For all his towering influence as a recording artist, Michael Jackson lives in the popular consciousness not only as a huge talent but as a shadowy figure of intense self-conflict, a man who spent his career in flight from his audience, the world, himself.
"Man in the Mirror" was more than a hit song for Jackson. It was a reflection of a bizarre and enthralling series of identities, all of them written -- and rewritten, and rewritten -- on the star's face. The question of what drove Jackson to so radically alter his appearance gradually came to rival, if not overshadow, his brilliance as a performer.
"He didn't want to be Michael Joseph Jackson," said J. Randy Taraborrelli, who has followed Jackson's career for three decades and wrote an unauthorized biography. "He just wanted to be something else. And he went about the business of doing that."
Indeed, there are no shortage of theories from plastic surgery experts and biographers like Taraborrelli about the possible nature and number of surgeries behind Jackson's changing appearance -- and the reasons they believe the star did it.
In the 1970s, as the youngest member of the Jackson 5, Michael was the cherub-faced wunderkind no audience could resist. But even before he began to alter his features, Jackson was wearing a mask, concealing a feeling of unbearable pressure to succeed, brother Jackie Jackson said in a 1993 interview.
"I used to go to Michael's room and I see on his wall he's writing, 'I will sell 20 million records' on his mirror," Jackie Jackson said.
Margo Jefferson, a Pulitzer Prize-winning critic and the author of "On Michael Jackson," said, "I think he longed for some kind of peace of mind. ... He longed for what he could never possibly have back, which was some vision of a childhood. ... The little Michael Jackson, you know, who grew up struggling and suffering and ... thinking, 'I am worthless ... except when I can set this crowd going.' I think he wanted to flee that Michael Jackson completely."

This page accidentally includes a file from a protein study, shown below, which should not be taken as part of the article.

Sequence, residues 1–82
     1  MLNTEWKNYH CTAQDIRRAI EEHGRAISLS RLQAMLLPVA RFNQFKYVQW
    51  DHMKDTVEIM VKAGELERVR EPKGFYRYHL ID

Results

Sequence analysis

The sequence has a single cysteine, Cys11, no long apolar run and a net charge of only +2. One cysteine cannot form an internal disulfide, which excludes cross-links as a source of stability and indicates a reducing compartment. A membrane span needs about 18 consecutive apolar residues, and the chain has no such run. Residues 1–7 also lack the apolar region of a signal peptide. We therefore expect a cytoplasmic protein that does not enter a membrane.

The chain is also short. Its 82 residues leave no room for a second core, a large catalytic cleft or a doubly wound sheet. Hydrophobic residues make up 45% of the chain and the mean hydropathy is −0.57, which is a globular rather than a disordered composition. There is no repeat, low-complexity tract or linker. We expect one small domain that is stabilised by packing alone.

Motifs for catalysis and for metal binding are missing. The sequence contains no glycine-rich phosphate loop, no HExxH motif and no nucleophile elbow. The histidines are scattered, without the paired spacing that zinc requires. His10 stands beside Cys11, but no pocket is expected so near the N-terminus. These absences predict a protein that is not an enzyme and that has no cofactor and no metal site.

It was after the unprecedented success of 1983's "Thriller" that Jackson's metamorphosis became far more than an artistic statement. In the video for the mega-hit, Jackson transforms from man to werewolf to man to zombie and back to man. It was as if he was using the story to preview the real-life drama of metamorphosis to come.
"I think he was obsessed with staying timeless, is what I think," Jefferson told ABC News' Cynthia McFadden in a recent interview. "It's as if he wanted to look like some, you know, being who has gone into some eternal realm of fame ... beyond life and death."
After the release of his fifth solo album, "Off the Wall" (1979), Jackson had an accident that would change him forever. He fell while dancing and broke his nose. It is believed that that's when he had his first plastic surgery.
In a 2002 interview with ABC News' Martin Bashir, Jackson denied that he had had plastic surgery beyond the nose job.
"I've had no plastic surgery on my face," Jackson said. "Just my nose. It helped me breathe better so I can hit higher notes."
Bashir was skeptical, asking if Jackson honestly was saying he'd only ever had one operation.
"Two," Jackson said. "As I can remember. ... Yeah. Just two."
Dr. Pamela Lipkin, a surgeon specializing in rhinoplasty, said it was unlikely the reshaped nose was better for singing.